Nearly all risk organizations and standards bodies regularly cite commercial aviation as a precedent for their frameworks. There is good reason for such citation. In no other area has an activity so inherently dangerous been made quantifiably safe – one of the safest activities on earth, in fact. But the conceptions of risk and the implementation of risk management outside of engineering, actuarial science (where both risk and the effectiveness of risk management are measured) and a few other exemplars are often feeble and insincere, and are completely at odds with aviation’s conception of risk.

Having worked in enterprise and project risk management for a decade and in aerospace, nuclear, and chemical processing frisk management for three decades, I feel that enterprise risk management has a very long way to go to fulfill its promise; and I’m here to take part in its development. This will take some work. There’s a lot to learn, and a lot to unlearn.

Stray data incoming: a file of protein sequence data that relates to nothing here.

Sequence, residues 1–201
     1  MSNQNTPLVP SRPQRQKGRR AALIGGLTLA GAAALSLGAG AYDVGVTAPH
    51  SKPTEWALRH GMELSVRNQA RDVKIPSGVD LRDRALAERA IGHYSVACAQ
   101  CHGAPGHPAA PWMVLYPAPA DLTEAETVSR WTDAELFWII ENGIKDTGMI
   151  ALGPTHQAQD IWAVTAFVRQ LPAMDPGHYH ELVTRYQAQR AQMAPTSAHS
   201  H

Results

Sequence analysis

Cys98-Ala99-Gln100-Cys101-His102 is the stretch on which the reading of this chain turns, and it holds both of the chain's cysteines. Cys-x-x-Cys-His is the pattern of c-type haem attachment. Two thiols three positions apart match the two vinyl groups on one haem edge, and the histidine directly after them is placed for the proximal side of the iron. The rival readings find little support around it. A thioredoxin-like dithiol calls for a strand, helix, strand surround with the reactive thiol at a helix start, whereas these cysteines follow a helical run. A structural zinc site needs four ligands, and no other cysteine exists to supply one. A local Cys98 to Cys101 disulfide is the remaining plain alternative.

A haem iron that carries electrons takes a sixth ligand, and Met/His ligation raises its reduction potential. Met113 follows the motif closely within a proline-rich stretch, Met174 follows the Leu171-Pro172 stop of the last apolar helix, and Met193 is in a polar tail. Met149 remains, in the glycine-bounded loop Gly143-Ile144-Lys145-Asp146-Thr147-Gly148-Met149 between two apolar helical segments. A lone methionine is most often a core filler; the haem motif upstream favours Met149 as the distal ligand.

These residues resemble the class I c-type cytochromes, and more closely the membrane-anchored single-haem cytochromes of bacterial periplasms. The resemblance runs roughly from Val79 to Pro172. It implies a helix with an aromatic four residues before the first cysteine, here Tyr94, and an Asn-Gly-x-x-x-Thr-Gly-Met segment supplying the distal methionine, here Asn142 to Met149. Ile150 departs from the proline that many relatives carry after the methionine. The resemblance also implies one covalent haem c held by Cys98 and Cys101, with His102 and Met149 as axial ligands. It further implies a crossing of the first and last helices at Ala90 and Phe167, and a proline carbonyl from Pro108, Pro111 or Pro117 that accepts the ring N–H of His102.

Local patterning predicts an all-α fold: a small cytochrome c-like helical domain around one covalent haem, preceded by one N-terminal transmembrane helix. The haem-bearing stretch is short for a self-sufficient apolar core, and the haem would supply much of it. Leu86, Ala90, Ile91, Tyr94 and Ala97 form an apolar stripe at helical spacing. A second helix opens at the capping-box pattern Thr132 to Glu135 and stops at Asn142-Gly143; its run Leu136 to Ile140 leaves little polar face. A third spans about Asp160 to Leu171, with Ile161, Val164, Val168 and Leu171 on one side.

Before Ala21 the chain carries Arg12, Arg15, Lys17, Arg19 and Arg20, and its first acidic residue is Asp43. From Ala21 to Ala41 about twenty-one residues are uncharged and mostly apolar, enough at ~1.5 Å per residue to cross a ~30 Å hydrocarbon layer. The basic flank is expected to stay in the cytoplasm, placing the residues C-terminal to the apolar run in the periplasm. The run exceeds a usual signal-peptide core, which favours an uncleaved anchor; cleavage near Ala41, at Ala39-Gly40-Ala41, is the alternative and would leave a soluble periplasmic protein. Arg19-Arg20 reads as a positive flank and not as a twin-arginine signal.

On the question at the top of this page about loan default, most rational people judge the risk to have something to do with the likelihood (i.e., probability) of the default and its dollar value. That is, they judge risk to be the possibility of an unwanted loss of some magnitude. The risk of default on a single $1 loan is low regardless of probability. Riskiness involves two quantities: the probability and the cost of the loss. The risk of the loss is not merely the probability of the loss, as it is defined to be in most enterprise risk frameworks. Further, a lender might have sound reasons for judging ten $1 losses to be more undesirable than one $10 loss. Thus, it is erroneous to embed risk-neutrality into risk analysis (i.e., risk must be modeled as a vector quantity). Finally, while something good might follow from default on a loan, no lender views default itself as having positive value. Yet most risk frameworks violate all of the rational judgments above, because they adhere to definitions and risk models developed by those with no background in risk analysis.